Wildlife experts and bird watchers are trying to figure out what’s blinding and even killing hundreds of birds across the U.S.
Over the past month, wildlife experts have been reporting “an unusual amount of bird mortality,” NBC News reported.
Kate Slankard, an avian biologist with the Kentucky Department of Fish and Wildlife Resources told NBC News, “We have yet to figure out what the problem is. The condition seems to be pretty deadly.”
Some of the symptoms are crusty or puffy eyes, neurological signs of seizures and an inability to stand balanced.
The birds also are acting as if they are blind and not flying away when people approach.
“They’ll just sit still, often kind of shaking,” Slankard told NBC News.
Kentucky Fish & Wildlife had ore than 100 reports of dead birds, WKRC reported.
The Washington Post reported about birds that were showing signs of neurological issues last month.
At the time, wildlife experts didn’t know what was causing the issues mostly found in blue jays and grackles, the Post reported. Since the article was published, other birds like crows and starlings also developed the issues, WJLA reported earlier this month.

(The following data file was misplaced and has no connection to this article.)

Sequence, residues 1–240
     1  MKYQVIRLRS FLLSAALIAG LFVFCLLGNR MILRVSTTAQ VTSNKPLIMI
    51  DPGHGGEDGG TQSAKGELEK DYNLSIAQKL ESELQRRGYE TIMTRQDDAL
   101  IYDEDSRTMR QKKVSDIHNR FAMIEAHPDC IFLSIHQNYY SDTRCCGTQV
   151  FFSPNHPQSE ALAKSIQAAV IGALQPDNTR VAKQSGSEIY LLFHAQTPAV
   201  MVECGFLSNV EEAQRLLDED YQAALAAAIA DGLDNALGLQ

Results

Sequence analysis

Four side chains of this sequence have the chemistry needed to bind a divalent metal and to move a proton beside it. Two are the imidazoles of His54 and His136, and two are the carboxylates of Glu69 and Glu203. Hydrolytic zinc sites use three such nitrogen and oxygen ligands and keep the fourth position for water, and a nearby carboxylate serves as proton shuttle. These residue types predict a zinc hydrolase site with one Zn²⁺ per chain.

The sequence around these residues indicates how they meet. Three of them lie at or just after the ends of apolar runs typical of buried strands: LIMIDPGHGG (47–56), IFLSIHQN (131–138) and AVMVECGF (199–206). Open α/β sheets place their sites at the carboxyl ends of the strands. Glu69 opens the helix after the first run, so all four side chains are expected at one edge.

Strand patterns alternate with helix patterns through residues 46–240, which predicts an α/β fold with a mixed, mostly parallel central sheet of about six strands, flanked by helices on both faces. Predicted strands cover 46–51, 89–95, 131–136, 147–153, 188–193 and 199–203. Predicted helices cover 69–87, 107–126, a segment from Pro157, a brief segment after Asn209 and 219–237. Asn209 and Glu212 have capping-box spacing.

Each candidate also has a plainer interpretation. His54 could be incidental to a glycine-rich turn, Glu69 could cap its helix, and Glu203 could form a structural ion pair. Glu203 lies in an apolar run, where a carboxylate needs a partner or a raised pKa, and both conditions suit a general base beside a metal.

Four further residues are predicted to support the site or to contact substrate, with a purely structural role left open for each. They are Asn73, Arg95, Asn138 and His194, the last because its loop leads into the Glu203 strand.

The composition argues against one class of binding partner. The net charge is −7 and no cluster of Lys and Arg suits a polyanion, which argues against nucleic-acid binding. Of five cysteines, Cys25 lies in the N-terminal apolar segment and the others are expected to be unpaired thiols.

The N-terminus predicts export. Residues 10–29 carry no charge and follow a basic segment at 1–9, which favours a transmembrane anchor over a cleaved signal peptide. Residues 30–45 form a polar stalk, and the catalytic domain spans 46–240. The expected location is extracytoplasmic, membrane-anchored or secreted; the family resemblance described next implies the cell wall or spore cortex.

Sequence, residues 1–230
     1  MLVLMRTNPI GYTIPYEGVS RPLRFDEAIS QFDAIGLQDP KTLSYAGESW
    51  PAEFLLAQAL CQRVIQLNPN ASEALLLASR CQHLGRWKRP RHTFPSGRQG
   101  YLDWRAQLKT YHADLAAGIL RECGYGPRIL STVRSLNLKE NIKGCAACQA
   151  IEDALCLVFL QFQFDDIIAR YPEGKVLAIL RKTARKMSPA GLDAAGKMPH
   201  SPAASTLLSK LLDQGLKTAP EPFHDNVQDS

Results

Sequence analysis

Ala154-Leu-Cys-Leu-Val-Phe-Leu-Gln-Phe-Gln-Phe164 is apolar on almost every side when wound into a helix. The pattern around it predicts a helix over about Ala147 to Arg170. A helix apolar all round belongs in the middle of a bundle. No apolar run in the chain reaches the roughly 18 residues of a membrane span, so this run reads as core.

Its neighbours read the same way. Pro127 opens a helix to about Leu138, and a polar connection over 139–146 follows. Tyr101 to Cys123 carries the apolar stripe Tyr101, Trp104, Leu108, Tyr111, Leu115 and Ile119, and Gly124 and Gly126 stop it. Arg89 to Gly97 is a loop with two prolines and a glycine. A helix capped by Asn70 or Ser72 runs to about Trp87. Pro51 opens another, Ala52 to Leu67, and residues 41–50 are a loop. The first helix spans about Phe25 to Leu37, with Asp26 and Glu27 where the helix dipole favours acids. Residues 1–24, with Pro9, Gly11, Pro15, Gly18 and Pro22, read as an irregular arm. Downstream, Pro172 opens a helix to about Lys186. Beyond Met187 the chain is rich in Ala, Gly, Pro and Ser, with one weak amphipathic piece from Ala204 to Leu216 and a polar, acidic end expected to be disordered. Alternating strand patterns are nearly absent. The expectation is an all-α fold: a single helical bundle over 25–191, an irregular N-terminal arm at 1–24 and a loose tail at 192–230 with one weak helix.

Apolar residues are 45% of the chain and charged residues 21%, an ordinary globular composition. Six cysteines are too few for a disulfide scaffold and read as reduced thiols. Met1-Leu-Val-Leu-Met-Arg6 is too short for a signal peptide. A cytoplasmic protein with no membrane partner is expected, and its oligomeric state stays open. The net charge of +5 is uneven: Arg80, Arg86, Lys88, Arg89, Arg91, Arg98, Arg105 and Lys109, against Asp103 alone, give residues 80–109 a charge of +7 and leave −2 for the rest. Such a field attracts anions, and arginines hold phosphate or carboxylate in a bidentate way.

“Eye issues were reported in what otherwise looked like healthy juvenile birds, causing blindness and the birds to land and stay on the ground,” an announcement from the Animal Welfare League of Arlington said, according to the Post. “Animal Control is now seeing additional species of birds affected. Other agencies and localities across the region and state are reporting similar issues at this time.”
When a bird is found on private property, people are advised to dispose of them quickly but do not have direct contact with the carcass. If birds are found on public property, they are to be reported to officials.
Some people speculated online that people were spraying pesticides to get rid of the cicadas that blanketed the region.
Megan Kirchgessner of the Virginia Department of Wildlife Resources told The Washington Post that testing would be needed to determine if the birds were being affected by a bacteria, virus or a toxin.
Whatever is causing the symptoms, experts in Arlington told people to remove their backyard birdfeeders and birdbaths to cut down on the spread.
The same request was issued to parts of Kentucky, WKRC reported this week.
“We are asking people in the affected areas to pull in their bird feeders and baths, and wash them with a 10 percent bleach solution,” Kirchgessner told WJLA. “If it’s an infectious agent, that will kill it if it’s harbored on the feeders or birdbaths.”
©2021 Cox Media Group